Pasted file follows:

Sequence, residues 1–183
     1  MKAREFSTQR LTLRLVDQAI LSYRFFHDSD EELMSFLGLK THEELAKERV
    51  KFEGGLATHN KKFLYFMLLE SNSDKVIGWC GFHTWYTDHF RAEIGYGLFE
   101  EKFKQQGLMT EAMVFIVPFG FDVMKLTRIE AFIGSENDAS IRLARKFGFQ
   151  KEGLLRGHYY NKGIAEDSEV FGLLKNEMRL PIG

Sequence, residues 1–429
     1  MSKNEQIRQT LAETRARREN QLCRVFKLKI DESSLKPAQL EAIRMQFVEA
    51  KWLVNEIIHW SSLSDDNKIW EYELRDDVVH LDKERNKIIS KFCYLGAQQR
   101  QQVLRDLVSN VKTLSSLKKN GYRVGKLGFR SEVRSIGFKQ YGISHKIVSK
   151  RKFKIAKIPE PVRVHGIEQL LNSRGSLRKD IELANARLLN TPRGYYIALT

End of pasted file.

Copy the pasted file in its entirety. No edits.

Sequence, residues 1–183
     1  MKAREFSTQR LTLRLVDQAI LSYRFFHDSD EELMSFLGLK THEELAKERV
    51  KFEGGLATHN KKFLYFMLLE SNSDKVIGWC GFHTWYTDHF RAEIGYGLFE
   101  EKFKQQGLMT EAMVFIVPFG FDVMKLTRIE AFIGSENDAS IRLARKFGFQ
   151  KEGLLRGHYY NKGIAEDSEV FGLLKNEMRL PIG

Sequence, residues 1–429
     1  MSKNEQIRQT LAETRARREN QLCRVFKLKI DESSLKPAQL EAIRMQFVEA
    51  KWLVNEIIHW SSLSDDNKIW EYELRDDVVH LDKERNKIIS KFCYLGAQQR
   101  QQVLRDLVSN VKTLSSLKKN GYRVGKLGFR SEVRSIGFKQ YGISHKIVSK
   151  RKFKIAKIPE PVRVHGIEQL LNSRGSLRKD IELANARLLN TPRGYYIALT